The process from source code to a running task in ECS is orchestrated by our CI tool of choice — Teamcity. First the image is built and pushed to ECR by executing a set of Docker commands. Then we use a tool we built in-house that handles the register of a and updates the (or creates a new one if needed). And that’s it.

After the last step, ECS takes over, checks the desired count for that task definition and shoots up new tasks with the new revision.

The flow from code to a service running in ECS

But, what happened to the logs?

By this point we had our infrastructure in place, but we still haven’t found a way to forward our logs to which was a deal breaker for us. We use file based logging and forward the data to Splunk using . Setting this up was easy when we had our custom AMIs but turned out to be somewhat of a challenge when we made the decision to go with an AWS prebaked AMI.

Since we were not going to commit to ECS before solving this issue, we had to come up with a way how to get those log files to Splunk’s indexer.

We chose to stick to the SUF and have it running in a Docker container on each EC2 instance that’s running ECS tasks. We created a wrapper around and uploaded it to our private ECR repository. Next thing was to ensure the forwarder is always running on every EC2 instance that’s running in ECS even when we need to scale up if the load increases. We looked into several options and picked running a shell script as part of the . This can be done by specifying the script to be executed as part of the parameter in the Launch Configuration.

We specified the restart policy for our SUF Docker container to be always by running the container with the — restart flag. This way we make sure that if the SUF container dies for whatever reason, it will restart itself and keep doing it’s job of forwarding logs to the Splunk indexer.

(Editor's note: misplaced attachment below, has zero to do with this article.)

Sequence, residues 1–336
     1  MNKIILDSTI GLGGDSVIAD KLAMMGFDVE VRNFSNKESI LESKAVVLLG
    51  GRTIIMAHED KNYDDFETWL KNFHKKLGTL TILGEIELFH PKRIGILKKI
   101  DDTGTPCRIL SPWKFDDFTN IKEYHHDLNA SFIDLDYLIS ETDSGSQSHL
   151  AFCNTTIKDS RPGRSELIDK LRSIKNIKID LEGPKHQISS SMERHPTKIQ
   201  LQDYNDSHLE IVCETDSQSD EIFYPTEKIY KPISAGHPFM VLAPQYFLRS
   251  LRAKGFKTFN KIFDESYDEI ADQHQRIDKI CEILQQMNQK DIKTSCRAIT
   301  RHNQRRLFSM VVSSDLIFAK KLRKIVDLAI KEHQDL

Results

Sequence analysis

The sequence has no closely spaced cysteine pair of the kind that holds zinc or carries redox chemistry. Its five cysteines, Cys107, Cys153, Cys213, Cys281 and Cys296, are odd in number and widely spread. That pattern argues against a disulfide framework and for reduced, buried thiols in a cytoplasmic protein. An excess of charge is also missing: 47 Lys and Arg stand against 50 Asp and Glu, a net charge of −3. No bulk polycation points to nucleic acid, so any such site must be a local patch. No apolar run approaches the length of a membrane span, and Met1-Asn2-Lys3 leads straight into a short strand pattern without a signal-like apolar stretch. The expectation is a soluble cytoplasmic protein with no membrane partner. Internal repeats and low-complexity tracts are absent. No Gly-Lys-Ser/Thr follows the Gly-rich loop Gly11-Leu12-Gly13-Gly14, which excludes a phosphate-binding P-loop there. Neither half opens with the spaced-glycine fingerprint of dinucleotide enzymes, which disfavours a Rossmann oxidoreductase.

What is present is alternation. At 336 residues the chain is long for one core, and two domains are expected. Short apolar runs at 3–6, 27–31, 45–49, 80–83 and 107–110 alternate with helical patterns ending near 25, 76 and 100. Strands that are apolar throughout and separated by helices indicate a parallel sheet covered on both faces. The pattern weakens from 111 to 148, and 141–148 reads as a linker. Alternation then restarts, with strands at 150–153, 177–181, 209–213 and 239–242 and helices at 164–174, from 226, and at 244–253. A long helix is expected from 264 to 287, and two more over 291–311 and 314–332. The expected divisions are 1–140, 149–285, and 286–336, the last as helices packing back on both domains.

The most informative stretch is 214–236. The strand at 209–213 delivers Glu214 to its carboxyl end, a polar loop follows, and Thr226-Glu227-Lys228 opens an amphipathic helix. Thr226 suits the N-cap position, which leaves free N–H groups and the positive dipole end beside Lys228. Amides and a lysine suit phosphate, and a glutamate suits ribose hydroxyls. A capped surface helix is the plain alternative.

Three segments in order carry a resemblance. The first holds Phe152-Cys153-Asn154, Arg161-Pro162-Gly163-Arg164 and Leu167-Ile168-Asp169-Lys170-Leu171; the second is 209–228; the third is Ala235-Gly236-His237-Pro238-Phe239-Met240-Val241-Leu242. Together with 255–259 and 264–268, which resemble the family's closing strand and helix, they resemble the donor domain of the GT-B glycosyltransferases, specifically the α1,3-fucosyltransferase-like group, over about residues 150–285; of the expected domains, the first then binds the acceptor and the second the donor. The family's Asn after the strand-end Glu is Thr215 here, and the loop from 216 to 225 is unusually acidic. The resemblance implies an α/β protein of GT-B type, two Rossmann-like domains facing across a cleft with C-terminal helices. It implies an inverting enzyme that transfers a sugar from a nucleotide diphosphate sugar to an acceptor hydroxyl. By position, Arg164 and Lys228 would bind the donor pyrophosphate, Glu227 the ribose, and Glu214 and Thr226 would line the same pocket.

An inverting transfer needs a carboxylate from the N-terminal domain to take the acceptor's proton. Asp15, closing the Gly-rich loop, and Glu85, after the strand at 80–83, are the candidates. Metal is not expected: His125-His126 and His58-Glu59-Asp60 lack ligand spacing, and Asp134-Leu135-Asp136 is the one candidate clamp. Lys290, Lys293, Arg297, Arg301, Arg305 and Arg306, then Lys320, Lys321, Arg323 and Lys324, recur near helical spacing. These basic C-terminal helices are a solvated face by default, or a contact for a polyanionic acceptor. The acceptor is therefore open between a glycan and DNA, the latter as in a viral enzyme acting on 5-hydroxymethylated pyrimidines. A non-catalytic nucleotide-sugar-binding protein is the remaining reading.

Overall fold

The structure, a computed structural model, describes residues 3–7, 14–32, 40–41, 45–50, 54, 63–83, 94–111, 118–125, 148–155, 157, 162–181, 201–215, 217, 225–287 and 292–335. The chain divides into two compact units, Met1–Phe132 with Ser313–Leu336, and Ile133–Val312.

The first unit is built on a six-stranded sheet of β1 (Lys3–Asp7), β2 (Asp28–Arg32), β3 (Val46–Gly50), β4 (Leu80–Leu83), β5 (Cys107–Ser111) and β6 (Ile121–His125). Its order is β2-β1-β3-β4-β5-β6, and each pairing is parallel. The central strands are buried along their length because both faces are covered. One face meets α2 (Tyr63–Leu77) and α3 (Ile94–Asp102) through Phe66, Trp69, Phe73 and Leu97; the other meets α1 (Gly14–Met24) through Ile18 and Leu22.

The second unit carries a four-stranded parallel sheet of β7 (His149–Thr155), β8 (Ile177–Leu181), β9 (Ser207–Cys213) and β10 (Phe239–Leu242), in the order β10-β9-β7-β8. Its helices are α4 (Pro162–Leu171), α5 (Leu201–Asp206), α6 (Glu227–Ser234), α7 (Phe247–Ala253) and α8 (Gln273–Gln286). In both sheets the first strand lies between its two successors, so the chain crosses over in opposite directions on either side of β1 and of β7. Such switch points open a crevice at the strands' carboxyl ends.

What we’ve learned so far

As soon as we solved all of our crucial issues we made a decision that all new services will run in a Docker container in ECS and we’ll soon start with the migration of our existing services. That process will probably bring new challenges and learnings. Having a few services running with this setup leads us to the conclusion that ECS is living up to the promise of offering flexible options for running services as containers with great reliability for service uptime.

We still feel that we can do a lot of fine-tuning to our setup and reduce the amount of boilerplate so that team members are efficient and confident when setting up a new service.

However, having services no longer tied to EC2 instances is a huge step forward for us. It gives us better utilisation of the instance capacity, we have less infrastructure to set up and maintain, faster deployments, faster and easier scaling and easier rollback mechanism.

Springworks Engineering

Stories from building the ultimate platform for connected cars.

Thanks to Christian Jacobsen.

Konstantin Petrenko

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Springworks Engineering

Stories from building the ultimate platform for connected cars.